Since 1911, the U.S. military conducted training exercises at Joint Base Cape Cod. Over the years, fuel spills and byproducts from munitions testing and other similar activities have accumulated in the area's soil and groundwater, threatening the aquifer that runs beneath the base and provides drinking water for residents of Cape Cod.
More than a century after the base opened, the U.S. Environmental Protection Agency (EPA), in consultation with the Massachusetts Department of Environmental Protection (Mass DEP), has issued the final strategies to get it cleaned up.
The plans focus on two areas at Joint Base Cape Cod, the Small Arms Ranges and the "J-3" Range, both of which lie within the largest of the base's installations, Camp Edwards.
The Small Arms Ranges are a group of 40 active and inactive ranges where small arms ammunition has been used for military training since World War II. This training involved the use of propellant-related chemicals, including lead, antimony and nitroglycerine, as well as metals associated with projectiles, which includes lead, copper, tungsten and antimony. Over time, these chemicals have contributed to soil and groundwater contamination throughout the site.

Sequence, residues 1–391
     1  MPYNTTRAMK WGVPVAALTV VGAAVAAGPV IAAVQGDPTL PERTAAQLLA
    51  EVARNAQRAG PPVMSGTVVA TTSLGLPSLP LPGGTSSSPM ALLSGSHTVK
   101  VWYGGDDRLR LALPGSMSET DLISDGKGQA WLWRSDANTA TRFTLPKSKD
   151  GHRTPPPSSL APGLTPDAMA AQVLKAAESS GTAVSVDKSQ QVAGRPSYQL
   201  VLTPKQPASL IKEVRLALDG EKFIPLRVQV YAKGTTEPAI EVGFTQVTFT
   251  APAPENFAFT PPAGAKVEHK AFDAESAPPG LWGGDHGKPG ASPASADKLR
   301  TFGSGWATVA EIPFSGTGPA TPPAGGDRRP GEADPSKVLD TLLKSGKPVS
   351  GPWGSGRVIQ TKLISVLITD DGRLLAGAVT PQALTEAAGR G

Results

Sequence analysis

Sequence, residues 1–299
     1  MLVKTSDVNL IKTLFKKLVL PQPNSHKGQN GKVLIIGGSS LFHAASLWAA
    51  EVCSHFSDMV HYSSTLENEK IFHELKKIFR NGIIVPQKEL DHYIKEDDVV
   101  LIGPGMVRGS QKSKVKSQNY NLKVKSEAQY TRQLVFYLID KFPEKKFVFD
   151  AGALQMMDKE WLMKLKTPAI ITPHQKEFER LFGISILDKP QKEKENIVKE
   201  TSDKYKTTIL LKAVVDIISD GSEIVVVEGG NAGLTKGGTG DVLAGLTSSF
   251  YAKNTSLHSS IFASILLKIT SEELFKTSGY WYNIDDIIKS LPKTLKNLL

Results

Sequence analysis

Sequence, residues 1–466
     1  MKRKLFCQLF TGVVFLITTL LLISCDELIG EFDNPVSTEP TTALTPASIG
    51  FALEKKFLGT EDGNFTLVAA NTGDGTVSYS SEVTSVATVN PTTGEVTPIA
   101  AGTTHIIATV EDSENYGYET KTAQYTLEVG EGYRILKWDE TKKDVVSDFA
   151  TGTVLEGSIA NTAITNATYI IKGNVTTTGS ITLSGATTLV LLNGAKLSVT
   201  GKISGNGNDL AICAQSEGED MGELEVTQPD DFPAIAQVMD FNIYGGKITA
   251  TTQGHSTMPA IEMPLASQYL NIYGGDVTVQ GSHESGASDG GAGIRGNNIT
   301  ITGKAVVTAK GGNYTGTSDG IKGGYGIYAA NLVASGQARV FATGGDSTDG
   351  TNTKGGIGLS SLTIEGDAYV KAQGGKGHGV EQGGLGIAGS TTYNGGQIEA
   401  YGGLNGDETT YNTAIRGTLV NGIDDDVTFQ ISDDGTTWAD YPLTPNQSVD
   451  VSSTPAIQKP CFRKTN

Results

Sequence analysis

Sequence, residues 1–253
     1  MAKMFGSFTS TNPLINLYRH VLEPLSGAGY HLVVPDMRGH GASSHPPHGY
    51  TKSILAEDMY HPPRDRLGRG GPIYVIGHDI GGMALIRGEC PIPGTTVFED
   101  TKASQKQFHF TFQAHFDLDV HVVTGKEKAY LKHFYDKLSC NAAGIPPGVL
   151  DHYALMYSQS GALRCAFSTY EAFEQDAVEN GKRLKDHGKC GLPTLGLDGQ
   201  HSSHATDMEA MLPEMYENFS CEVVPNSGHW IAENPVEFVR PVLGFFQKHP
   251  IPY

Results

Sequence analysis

The EPA's proposed clean up activities at the Small Arms Ranges include removing contaminated soil to eliminate threats to the Cape Cod Aquifer from several ranges, as well as conducting long-term groundwater monitoring and controlling land use to provide early warning of any future groundwater contamination at other ranges.
The J-3 Range, which lies in the southeast portion of Joint Base Cape Cod, was also home to military small arms training, munitions testing and munitions disposal between 1935 and the late 1990s. To clean up the J-3 Range, the EPA suggests using several soil and groundwater remediation strategies, including:
- Extracting contaminated groundwater to reduce contaminant levels in the aquifer
- Monitoring natural processes in the groundwater
- Controlling land use
- Performing soil sampling and geophysical investigations to ensure that all soil that poses a threat to the aquifer is removed.
The U.S. Army National Guard will complete the cleanups under the authority of the Safe Drinking Water Act.